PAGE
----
Pigs on Pasture at Falster Farm

 

 

If I buy just a ham a la carte, it will cost $7.49/ lb.   That’s 47¢ an ounce.  A bit too high, but if I buy in bulk, I can bring that cost all the way down to 19¢ an ounce!  As an aside, our local producer will sell sliced ham to you for $1.50 more per pound.  That food slicer is paying for itself.

 

Option 2:  The Wholesale Box Store

I recently talked to a friend who lives in the Washington DC area who said that the Costco/Sam’s Club style store is the “only way we can stay within a food budget around here”.  I know that this is a common way to shop, and so here was my price comparison.

 

Sam's Club Smoked Ham

 

 25¢/oz.  for this smoked ham, cured 4-6 months.  No information whatsoever was given about the farm, farming methods, antibiotics, feed, animal treatment, and so on.  The ingredients list was acceptable (salt, sugar, pepper, that type of thing).  

 

Option 3: The Local Health Food Grocery Store

Having recently emptied my bi-annual supply of pork, I purchased this one at a large, full-selection health food store.  I was pleased with the ingredients (the lack thereof), the flavor is delicious, and I know that this is a quick, safe meal for a family on-the-go.  I sliced the whole thing and put most of it into the freezer for another day. 

Ham from health food store

 

 

39¢ an ounce.  Your health food store might be cheaper—we live in a food-expensive area because everything must get trucked in over the mountains. 

 

Conclusion

Plan a family trip out to your local farm (use Farmmatch, Local Harvest, or Farmplate to find one).  Make a day of it, have an experience and reconnect with your food.   Then the next day, slice up your meat and put it all into your freezer for later convenience.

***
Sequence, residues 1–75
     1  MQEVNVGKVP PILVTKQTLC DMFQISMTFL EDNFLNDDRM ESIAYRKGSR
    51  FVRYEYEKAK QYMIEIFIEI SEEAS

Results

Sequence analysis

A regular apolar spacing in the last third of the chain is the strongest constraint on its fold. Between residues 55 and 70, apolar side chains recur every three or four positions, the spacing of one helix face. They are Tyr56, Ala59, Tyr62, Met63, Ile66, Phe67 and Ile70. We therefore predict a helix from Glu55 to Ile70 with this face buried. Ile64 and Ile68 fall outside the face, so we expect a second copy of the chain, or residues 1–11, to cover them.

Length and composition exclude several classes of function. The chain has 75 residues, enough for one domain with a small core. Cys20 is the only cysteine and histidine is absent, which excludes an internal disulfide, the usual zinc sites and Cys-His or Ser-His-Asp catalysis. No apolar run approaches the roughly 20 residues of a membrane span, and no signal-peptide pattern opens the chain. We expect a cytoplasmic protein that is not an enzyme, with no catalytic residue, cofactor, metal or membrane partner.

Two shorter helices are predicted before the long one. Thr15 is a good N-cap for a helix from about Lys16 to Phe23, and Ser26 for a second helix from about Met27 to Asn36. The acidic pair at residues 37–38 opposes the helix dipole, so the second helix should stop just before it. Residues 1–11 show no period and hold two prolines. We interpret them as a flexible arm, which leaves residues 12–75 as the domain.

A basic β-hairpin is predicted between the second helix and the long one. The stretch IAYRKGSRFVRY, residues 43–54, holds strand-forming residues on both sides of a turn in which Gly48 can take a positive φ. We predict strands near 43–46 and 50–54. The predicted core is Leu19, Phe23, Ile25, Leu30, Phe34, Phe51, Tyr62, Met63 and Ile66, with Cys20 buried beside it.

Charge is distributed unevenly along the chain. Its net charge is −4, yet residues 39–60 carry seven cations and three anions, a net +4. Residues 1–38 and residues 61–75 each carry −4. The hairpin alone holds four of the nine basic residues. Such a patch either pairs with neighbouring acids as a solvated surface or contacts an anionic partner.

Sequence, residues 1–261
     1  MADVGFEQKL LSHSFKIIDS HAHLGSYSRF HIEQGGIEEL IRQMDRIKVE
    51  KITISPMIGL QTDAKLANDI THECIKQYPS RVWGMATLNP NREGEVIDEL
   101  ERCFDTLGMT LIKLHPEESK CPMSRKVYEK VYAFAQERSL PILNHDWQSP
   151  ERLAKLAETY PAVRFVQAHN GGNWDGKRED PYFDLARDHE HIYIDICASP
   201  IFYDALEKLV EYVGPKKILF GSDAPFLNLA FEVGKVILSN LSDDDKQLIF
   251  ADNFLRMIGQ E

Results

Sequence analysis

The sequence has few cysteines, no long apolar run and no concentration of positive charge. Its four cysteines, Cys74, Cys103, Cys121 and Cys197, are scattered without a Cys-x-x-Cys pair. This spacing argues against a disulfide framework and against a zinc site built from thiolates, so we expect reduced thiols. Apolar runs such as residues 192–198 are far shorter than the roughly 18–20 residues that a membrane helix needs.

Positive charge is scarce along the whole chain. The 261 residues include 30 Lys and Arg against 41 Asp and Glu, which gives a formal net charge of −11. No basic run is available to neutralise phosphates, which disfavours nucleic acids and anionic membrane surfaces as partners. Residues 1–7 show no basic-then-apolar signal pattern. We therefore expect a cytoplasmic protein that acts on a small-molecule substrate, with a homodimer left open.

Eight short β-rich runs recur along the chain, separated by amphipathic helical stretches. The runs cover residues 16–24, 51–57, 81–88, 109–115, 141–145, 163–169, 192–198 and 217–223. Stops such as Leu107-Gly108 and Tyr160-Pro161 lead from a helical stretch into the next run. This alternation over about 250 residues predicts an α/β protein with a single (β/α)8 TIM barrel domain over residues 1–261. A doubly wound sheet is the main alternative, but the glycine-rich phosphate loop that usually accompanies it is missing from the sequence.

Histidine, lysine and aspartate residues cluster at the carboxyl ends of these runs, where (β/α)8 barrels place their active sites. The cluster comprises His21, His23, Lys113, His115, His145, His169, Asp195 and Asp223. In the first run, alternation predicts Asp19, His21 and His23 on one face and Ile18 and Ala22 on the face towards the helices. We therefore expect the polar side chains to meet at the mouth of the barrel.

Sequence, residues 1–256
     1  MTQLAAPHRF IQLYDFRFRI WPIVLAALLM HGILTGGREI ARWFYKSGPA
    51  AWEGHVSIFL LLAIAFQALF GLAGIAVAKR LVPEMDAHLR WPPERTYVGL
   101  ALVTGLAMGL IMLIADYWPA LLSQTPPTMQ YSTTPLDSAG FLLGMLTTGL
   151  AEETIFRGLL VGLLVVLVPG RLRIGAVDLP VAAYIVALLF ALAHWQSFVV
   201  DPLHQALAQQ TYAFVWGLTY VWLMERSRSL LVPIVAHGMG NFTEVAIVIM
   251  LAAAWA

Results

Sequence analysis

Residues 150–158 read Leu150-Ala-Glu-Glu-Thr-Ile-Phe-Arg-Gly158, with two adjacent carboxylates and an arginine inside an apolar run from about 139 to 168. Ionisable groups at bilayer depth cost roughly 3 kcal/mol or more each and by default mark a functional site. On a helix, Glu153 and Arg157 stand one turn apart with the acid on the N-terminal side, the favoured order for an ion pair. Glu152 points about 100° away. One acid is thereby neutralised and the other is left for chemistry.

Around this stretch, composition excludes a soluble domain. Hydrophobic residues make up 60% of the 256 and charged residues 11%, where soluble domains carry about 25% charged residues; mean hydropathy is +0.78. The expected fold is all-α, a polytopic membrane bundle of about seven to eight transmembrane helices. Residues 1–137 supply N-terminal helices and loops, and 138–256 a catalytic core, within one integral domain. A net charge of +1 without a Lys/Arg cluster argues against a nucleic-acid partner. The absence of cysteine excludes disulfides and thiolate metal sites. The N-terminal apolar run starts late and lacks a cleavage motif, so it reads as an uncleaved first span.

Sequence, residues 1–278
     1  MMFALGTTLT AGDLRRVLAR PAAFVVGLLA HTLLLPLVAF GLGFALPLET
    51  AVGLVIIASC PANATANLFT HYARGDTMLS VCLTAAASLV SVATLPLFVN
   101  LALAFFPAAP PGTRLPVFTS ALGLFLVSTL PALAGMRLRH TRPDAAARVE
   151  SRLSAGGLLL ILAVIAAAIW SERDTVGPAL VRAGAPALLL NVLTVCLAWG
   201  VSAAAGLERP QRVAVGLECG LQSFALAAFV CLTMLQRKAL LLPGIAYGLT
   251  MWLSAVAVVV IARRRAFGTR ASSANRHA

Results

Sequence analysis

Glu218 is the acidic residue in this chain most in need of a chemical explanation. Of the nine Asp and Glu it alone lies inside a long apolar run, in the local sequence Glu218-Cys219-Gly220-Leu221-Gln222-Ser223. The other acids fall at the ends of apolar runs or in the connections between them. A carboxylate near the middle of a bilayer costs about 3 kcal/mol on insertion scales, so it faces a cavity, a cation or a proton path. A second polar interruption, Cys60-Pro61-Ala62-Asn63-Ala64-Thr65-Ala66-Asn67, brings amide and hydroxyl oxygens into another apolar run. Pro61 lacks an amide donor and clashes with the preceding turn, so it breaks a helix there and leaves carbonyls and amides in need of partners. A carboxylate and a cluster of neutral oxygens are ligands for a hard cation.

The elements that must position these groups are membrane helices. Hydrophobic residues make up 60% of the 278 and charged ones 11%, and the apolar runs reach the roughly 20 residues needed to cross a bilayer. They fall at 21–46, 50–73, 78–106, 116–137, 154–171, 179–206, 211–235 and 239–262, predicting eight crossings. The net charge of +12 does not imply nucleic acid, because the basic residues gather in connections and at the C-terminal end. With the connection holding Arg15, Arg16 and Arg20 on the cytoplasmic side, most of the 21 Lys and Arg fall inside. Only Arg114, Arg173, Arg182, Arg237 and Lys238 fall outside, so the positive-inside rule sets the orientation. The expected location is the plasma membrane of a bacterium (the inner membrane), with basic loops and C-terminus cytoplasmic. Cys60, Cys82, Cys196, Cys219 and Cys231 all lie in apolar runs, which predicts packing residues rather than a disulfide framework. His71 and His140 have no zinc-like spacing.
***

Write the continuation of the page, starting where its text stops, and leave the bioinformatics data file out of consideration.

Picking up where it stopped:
Oh, and as an aside—here is the ingredients list for a Hillshire Farm product, very typical of everything out there.


Thick Sliced Virginia Brand Ham

Water Added, Caramel Colored ‚óŹ Made in Kentucky

Ingredients:

CURED WITH WATER, SUGAR, DEXTROSE, CONTAINS 2% OR LESS OF: SODIUM LACTATE, SALT, SODIUM PHOSPHATE, CLOVE, SODIUM DIACETATE, SODIUM ERYTHORBATE, SODIUM NITRITE, CARAMEL COLOR.

 

 

Don’t forget to make a panini for me,

 

Chaya 

 

 P.S.– The Nesco food slicer is $20 off right now!  No coupon needed; we just want to encourage you to produce, prepare, & preserve–your own lunch meat! 

 

 


 Proviso:

 

Nothing in this blog constitutes medical advice.  You should consult your own physician before making any dietary changes.  Statements in this blog may or may not be congruent with current USDA or FDA guidance


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Photo Credits:
Box Store Ham was from the Sam’s Club website, link given below the picture.
The pigs on pasture are from Falster Farm.  Learn more about this wonderful farm here.

All other pictures are property of Pantry Paratus.  Feel free to pin or share the photos as long as you give proper attribution.  Thank you. 

 
 
 

 

 

 

www.Hypersmash.com


About Chaya Foedus

Flour on the ceiling. The ugliest vintage apron collection you've ever seen. And an affinity for old-fashioned kitchen skills that center on health, preparedness, and family meal-time. I am passionate about helping people find their kitchens and then teaching them what to do once they get there.